=

And if we from such a local definition accepting the idea of constants existing, also define the arrow, as what your wristwatch describes for you (your proper time) as a constant, locally equivalent to 'c', we get ourselves an added definition of 'c'. No longer just a measurement of a distance, relative ones proper time, but also a constant describing what that clock really is.

Then your local time, equivalent to 'c', becomes a (local) constant. And it 'ticks' constantly and evenly, locally measured, no matter where you are, or how 'fast' you define it to be. That is one reason I find Planck units so interesting, as it all gets together there. sometimes I wonder if that is where discreteness ends? It depends if it really is a universal constant naturally. You could argue that by changing the numbers to something else we also change the constant, but to my notion that must be wrong. The constant if true should have a same equilibrium, no matter if counted binary or decimally for example. the same should then go for exchanging digits, as long as it is done in a proportional manner.

Although, even if it is a universal constant, to me then meaning 'locally true (equivalent) in each point', I don't think it state that this is where it ends. Just as decoherence doesn't tell you where things become 'real' to you. It's your imagination that will decide what is real, and the logic you use, and experiments naturally.
==

All of this is presuming that the universe like to keep it as simple as possible. Without a locally measurable equivalence in each point (of a universe) you still 'might' be able to define some sort of adjustable constants, giving us a 'universal' equilibrium, but I would think it should be really hard to do, to me involving very convoluted thinking.
===

And no, to me it's not about three dimensions. Time described as change, is to me more like a sheet, or some screen if you like, called the 'present' or 'now'. On which your local pattern change with the arrow ticking. The pattern defining 'you' with, as well as relative, everything else. But that pattern, or sheet, moves also for inanimate objects, as that lump of uranium, and it doesn't really need anyone to 'move'.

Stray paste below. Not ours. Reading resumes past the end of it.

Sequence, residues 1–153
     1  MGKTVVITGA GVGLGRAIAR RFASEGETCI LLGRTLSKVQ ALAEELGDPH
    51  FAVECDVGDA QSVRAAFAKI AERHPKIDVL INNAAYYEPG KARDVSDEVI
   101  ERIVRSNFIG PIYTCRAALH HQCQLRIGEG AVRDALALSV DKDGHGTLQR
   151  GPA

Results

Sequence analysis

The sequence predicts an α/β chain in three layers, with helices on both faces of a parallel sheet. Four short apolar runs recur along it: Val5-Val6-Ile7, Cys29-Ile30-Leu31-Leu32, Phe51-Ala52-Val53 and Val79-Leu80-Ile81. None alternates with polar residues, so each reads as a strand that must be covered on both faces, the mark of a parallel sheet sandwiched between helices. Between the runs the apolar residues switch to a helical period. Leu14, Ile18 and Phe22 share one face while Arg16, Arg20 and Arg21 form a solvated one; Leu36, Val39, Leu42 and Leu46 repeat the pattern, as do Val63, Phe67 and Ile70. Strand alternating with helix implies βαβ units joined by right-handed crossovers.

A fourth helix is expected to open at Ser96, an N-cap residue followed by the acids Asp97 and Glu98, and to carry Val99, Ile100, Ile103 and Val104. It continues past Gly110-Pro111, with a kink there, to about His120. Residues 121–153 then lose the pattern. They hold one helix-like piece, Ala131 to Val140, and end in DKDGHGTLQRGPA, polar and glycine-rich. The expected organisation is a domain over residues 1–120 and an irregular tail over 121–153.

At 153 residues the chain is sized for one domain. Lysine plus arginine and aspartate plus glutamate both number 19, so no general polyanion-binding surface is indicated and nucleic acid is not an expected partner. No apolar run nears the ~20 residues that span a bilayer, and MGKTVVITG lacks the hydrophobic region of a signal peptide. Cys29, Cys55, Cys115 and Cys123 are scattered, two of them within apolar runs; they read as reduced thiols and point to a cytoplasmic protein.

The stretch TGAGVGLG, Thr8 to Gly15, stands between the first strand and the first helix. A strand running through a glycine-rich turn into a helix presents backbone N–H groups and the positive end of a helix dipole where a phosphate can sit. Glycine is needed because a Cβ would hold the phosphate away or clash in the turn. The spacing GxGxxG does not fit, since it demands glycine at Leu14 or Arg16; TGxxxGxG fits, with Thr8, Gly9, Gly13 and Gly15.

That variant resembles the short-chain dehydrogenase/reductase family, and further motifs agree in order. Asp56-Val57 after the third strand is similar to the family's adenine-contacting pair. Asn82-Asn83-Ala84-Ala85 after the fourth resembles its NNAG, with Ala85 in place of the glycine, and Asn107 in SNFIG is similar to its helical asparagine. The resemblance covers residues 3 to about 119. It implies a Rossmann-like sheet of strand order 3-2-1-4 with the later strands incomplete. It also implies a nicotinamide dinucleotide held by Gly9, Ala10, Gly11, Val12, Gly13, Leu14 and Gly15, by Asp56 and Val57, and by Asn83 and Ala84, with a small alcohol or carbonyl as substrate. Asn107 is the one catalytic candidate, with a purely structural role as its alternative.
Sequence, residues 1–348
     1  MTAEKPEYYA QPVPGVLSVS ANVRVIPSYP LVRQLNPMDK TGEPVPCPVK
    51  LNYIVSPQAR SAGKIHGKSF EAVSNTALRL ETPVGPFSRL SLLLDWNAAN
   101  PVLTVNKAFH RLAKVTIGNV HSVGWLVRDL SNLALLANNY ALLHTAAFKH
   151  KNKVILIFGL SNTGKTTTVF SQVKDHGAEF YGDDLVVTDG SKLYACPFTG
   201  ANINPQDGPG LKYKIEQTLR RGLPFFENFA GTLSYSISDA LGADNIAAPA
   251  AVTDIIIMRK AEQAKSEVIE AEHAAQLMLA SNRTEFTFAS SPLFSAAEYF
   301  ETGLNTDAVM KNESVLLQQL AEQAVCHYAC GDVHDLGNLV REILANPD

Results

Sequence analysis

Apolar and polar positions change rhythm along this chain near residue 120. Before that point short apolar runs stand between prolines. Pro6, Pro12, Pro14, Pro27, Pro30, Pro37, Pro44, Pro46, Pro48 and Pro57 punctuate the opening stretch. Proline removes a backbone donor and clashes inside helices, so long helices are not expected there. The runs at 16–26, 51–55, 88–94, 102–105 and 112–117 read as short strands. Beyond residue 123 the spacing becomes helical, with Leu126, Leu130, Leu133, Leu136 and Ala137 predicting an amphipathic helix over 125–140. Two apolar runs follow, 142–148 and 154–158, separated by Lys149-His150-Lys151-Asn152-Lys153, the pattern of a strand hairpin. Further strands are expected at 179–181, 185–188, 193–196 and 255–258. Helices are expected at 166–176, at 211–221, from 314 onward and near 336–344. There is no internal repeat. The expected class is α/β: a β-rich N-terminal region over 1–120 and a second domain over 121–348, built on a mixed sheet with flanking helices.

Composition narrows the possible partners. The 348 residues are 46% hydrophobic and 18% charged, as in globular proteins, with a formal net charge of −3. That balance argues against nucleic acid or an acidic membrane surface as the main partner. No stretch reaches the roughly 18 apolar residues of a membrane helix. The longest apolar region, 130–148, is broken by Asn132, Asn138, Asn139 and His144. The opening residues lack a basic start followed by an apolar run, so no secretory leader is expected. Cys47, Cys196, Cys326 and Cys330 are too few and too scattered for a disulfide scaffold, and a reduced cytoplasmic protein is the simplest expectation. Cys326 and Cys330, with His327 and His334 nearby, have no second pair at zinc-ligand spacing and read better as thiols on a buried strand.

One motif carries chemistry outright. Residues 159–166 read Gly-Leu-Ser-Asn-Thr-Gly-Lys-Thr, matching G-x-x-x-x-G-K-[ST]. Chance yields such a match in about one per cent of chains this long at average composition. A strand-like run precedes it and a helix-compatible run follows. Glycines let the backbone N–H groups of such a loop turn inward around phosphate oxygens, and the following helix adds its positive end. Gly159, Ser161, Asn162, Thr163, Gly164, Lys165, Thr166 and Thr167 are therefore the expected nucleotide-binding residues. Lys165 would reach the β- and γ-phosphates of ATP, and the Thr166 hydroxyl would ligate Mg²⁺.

and ticking is a discrete way to describe it, ending at Planck scale, although the arrow as some ideal proposition might also be smooth. Think of decoherence.
=

As I'm getting slightly wild here :) there's an alternative in where we might presume that the arrow is a result of interactions, creating that local clock. But as we also define it equivalent your locally measured constant 'c' we then have to presume that the same then must go for our definition of  'c', as well as for all, and any, other constants. Now, wouldn't that become a rather remarkable universe? :) I most certainly wonder how such a universe could come to be?
==

And 'now' exist, but only locally defined. On the other tentacle there is no other way to experimentally define it than from a local perspective. That I theoretically can play 'God', doesn't make it so experimentally.
« Last Edit: 10/08/2014 23:56:18 by yor_on »
 

Offline yor_on

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Re: Are there three dimensions of time?
« Reply #34 on: 11/08/2014 14:18:03 »
A thing that more and more has come to make me wonder is just decoherence. To me it's a description of from where a reality comes to be, from probabilities and statistics, to something I can touch. If you think of it this 'local definition' of a arrow also, in some way, becomes a ideal definition. We find it to be true everywhere, meaning that ideally defined (what I think of as superimposing) two objects must share the same clock. This thought experiment is as valid at a event horizon as on earth.

But it builds up just as decoherence, as there is no 'positional lock' to what we mean by that local time, unless we make that ideal thought experiment. You can't tell me that you know where that (yours) 'local time' is situated, but it holds for you and me both, just the same, made out from particles, that each one of us are defined to its own 'local time keeping'. In that motto even my local time becomes a illusion. The only way I can define it is either from super imposing, ideally identical objects upon each other. Or making a definition of 'ideal points', which then uses some sort of idea of a discrete universe, making it up, all 'points' equivalent to each other when it come to that 'local clock and ruler'. The rest should then be how those 'points' interacts, as possibly what geometry we find, giving a density? There is relative speeds, accelerations, to consider too, but that is not locally defined. To me both are a result of frames of reference interacting.

Actually, accelerations are a local property, I think it should be so even ideally defined? But I'm not sure? Either that or a locally expressed acceleration need a universe to come to be. But when it comes to a density of something, you need frames of reference, the same goes for relative motion.

Constant uniform accelerations and gravity? That's one of the most breathtaking ideas I know of. Even though I personally think it is correct, I'm not sure what it says about this seamlessly 'all inclusive universe' we find ourselves to exist in?